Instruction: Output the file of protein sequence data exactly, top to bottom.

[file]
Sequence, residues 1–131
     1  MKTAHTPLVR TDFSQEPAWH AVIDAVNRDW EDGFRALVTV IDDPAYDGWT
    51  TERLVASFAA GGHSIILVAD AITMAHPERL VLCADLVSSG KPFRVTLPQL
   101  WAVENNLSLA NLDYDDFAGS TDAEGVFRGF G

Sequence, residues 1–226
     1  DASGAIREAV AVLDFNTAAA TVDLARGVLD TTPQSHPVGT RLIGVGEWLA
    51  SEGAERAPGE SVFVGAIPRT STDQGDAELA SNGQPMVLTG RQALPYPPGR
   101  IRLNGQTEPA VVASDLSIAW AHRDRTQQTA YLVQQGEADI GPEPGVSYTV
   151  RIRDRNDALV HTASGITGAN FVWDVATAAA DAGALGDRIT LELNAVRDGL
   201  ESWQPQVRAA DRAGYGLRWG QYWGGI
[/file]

Sequence, residues 1–131
     1  MKTAHTPLVR TDFSQEPAWH AVIDAVNRDW EDGFRALVTV IDDPAYDGWT
    51  TERLVASFAA GGHSIILVAD AITMAHPERL VLCADLVSSG KPFRVTLPQL
   101  WAVENNLSLA NLDYDDFAGS TDAEGVFRGF G

Sequence, residues 1–226
     1  DASGAIREAV AVLDFNTAAA TVDLARGVLD TTPQSHPVGT RLIGVGEWLA
    51  SEGAERAPGE SVFVGAIPRT STDQGDAELA SNGQPMVLTG RQALPYPPGR
   101  IRLNGQTEPA VVASDLSIAW AHRDRTQQTA YLVQQGEADI GPEPGVSYTV
   151  RIRDRNDALV HTASGITGAN FVWDVATAAA DAGALGDRIT LELNAVRDGL
   201  ESWQPQVRAA DRAGYGLRWG QYWGGI